In Deconstructing Anxiety, Pressman provides a new and comprehensive understanding of fear’s subtlest mechanisms. In this model, anxiety is understood as the wellspring at the source of all problems. Tapping into this source therefore holds the clues not only for escaping fear, but also for releasing the very causes of suffering, paving the way to a profound sense of peace and satisfaction in life.
With strategically developed exercises, this book offers a unique, integrative approach to healing and growth, based on an understanding of how the psyche organizes itself around anxiety. It provides insights into the architecture of anxiety, introducing the dynamics of the “core fear” (one’s fundamental interpretation of danger in the world) and “chief defense” (the primary strategy for protecting oneself from threat). The anxious personality is then built upon this foundation, creating a “three dimensional, multi-sensory hologram” within which one can feel trapped and helpless.
Replete with processes that bring the theoretical background into technicolor, Deconstructing Anxiety provides a clear roadmap to resolving this human dilemma, paving the way to an ultimate and transcendent freedom. Therapists and laypeople alike will find this book essential in helping design a life of meaning, purpose and enduring fulfillment.
We are living through one of the most anxious periods any of us can remember. Whether facing issues as public as a pandemic or as personal as having kids at home and fighting the urge to reach for the wine bottle every night, we are feeling overwhelmed and out of control. But in this timely book, Judson Brewer explains how to uproot anxiety at its source using brain-based techniques and small hacks accessible to anyone.
We think of anxiety as everything from mild unease to full-blown panic. But it’s also what drives the addictive behaviors and bad habits we use to cope (e.g. stress eating, procrastination, doom scrolling and social media). Plus, anxiety lives in a part of the brain that resists rational thought. So we get stuck in anxiety habit loops that we can’t think our way out of or use willpower to overcome. Dr. Brewer teaches us to map our brains to discover our triggers, defuse them with the simple but powerful practice of curiosity, and to train our brains using mindfulness and other practices that his lab has proven can work.
Distilling more than 20 years of research and hands-on work with thousands of patients, including Olympic athletes and coaches, and leaders in government and business, Dr. Brewer has created a clear, solution-oriented program that anyone can use to feel better – no matter how anxious they feel.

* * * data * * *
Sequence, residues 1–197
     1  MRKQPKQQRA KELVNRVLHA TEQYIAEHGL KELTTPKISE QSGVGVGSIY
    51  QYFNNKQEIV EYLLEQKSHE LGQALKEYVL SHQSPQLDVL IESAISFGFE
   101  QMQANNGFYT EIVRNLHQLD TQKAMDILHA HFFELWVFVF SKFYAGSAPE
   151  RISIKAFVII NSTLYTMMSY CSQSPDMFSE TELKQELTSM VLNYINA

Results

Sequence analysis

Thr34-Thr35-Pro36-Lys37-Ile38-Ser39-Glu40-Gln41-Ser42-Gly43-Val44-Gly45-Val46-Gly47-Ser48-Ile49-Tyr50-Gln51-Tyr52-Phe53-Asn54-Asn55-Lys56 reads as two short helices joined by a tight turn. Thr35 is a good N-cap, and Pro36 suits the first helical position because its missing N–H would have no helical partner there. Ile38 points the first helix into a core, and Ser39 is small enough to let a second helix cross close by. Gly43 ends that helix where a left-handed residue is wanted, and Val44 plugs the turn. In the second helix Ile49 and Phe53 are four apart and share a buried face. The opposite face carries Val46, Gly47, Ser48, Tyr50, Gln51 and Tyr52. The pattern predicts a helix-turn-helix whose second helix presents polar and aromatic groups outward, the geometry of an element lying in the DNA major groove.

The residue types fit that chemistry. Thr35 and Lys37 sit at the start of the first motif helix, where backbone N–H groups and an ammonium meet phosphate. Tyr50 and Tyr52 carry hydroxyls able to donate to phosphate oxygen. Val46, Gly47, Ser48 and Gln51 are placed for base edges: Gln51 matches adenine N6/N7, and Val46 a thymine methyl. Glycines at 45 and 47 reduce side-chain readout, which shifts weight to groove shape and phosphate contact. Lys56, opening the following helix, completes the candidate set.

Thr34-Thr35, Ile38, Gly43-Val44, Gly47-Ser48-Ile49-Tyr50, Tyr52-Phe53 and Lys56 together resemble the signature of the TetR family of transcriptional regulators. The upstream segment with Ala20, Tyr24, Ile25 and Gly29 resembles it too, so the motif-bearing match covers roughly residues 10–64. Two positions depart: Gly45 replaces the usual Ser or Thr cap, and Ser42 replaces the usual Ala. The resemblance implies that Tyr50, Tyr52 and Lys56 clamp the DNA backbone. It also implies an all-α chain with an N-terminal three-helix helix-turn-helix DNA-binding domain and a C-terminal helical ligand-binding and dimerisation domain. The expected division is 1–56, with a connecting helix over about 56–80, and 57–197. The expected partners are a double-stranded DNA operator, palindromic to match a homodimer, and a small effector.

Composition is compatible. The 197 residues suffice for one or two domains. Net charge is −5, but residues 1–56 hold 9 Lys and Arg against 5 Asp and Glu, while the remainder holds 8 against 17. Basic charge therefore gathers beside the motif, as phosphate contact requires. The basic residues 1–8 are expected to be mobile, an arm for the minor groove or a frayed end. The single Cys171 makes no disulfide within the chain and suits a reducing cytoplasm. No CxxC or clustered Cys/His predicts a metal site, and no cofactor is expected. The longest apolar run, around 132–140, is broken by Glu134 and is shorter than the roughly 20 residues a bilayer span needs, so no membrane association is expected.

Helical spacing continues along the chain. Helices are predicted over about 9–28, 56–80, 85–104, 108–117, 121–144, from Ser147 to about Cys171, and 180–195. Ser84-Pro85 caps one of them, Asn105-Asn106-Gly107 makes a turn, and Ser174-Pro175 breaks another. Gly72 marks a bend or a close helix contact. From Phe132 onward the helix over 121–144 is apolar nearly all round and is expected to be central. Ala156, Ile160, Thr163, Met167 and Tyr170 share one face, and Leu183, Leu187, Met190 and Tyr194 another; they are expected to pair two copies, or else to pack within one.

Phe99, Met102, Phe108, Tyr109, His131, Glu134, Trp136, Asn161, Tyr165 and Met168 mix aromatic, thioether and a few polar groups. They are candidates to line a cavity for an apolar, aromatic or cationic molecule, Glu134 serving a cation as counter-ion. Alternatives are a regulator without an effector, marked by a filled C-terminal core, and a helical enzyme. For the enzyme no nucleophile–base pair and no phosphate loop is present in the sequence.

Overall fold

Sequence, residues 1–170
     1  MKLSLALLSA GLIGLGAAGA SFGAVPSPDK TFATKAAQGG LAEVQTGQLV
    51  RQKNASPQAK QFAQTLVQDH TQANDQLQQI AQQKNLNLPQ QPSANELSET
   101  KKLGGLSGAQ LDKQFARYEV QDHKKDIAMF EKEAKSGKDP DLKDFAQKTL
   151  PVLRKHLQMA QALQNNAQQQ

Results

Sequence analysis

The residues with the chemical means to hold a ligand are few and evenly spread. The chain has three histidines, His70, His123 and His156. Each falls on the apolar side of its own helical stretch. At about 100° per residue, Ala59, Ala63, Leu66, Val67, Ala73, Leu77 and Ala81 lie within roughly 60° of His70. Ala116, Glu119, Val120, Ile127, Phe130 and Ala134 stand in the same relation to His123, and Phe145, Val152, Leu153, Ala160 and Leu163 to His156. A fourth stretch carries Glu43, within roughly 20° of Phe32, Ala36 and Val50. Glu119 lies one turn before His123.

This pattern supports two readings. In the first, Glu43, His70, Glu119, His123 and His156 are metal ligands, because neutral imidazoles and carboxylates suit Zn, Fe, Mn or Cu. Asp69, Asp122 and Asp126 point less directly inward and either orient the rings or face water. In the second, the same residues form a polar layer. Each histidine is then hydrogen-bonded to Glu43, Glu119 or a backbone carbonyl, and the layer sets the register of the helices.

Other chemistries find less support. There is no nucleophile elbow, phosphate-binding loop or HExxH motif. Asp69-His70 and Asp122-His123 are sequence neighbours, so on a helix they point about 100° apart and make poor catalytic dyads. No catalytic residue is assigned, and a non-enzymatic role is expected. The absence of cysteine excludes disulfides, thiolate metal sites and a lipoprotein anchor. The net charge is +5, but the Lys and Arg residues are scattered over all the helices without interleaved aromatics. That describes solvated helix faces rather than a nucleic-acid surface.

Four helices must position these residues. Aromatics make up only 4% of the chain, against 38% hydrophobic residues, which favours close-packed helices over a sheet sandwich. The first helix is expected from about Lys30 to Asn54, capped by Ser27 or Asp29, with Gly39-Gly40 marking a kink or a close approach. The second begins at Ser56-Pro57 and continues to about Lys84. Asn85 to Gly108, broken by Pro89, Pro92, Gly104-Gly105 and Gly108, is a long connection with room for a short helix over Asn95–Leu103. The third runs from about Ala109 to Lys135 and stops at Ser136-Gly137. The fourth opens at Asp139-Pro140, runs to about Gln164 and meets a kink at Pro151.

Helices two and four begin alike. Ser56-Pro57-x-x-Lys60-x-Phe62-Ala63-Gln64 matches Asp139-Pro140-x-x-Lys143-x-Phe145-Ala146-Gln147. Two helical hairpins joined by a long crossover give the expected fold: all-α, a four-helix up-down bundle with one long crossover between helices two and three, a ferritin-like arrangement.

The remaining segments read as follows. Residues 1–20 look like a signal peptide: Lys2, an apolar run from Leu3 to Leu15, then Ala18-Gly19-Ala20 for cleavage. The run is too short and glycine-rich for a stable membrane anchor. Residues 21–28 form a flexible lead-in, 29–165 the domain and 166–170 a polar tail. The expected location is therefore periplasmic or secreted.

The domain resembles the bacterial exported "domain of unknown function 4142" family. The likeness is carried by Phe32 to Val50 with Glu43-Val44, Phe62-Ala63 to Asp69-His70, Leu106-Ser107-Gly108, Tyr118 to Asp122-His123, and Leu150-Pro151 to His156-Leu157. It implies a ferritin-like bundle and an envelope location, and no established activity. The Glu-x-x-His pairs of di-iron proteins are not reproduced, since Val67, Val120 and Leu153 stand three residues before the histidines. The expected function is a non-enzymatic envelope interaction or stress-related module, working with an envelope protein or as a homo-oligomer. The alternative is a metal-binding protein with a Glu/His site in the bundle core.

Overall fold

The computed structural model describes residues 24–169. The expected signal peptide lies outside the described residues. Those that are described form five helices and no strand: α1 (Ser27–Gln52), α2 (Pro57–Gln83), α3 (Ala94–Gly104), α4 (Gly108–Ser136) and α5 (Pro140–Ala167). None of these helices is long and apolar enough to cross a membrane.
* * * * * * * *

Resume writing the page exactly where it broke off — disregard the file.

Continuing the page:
Agoraphobia, characterized by panics and chronic anxiety, often renders its victims incapable of leaving their homes. Goldstein, professor of psychiatry at Temple University, provides an in-depth look at agoraphobia, its victims, and their families. Also outlined is Goldstein’s Agoraphobia and Anxiety Program, which he developed with psychologist Dianne Chambless. The multilevel program combines traditional psychotherapy with Gestalt therapyto help clients resolve feelings by understanding themand exposure therapy, in which cleints return to sites of previous panic attacks. The inclusion of self-help procedures for closet agoraphobics along with a state-by-state list of therapy programs make this a valuable tool for professionals, sufferers, and the people who live with them.
As recently as thirty-five years ago, anxiety did not exist as a diagnostic category. Today, it is the most common form of officially classified mental illness. Scott Stossel gracefully guides us across the terrain of an affliction that is pervasive yet too often misunderstood.
Drawing on his own long-standing battle with anxiety, Stossel presents an astonishing history, at once intimate and authoritative, of the efforts to understand the condition from medical, cultural, philosophical, and experiential perspectives. He ranges from the earliest medical reports of Galen and Hippocrates, through later observations by Robert Burton and Søren Kierkegaard, to the investigations by great nineteenth-century scientists, such as Charles Darwin, William James, and Sigmund Freud, as they began to explore its sources and causes, to the latest research by neuroscientists and geneticists. Stossel reports on famous individuals who struggled with anxiety, as well as on the afflicted generations of his own family. His portrait of anxiety reveals not only the emotion’s myriad manifestations and the anguish anxiety produces but also the countless psychotherapies, medications, and other (often outlandish) treatments that have been developed to counteract it. Stossel vividly depicts anxiety’s human toll—its crippling impact, its devastating power to paralyze—while at the same time exploring how those who suffer from it find ways to manage and control it.
My Age of Anxiety is learned and empathetic, humorous and inspirational, offering the reader great insight into the biological, cultural, and environmental factors that contribute to the affliction.
At Last a Life tells the full story of my recovery from anxiety and panic and also how I overcame intrusive thoughts and depersonalisation. It covers every aspect of the anxiety condition, explaining not only why we suffer, but also what keeps us in the loop and easy to follow advice on how to recover. The book has relied solely on word of mouth for its success and is now sold all over the world, recently being published in Japan and recommended by many doctors and therapists. The book talks to you directly and is not filled with any medical jargon or churn out a bunch of techniques to follow. It gives you the knowledge to understand the condition in a deep way, so that you can take control of your own recovery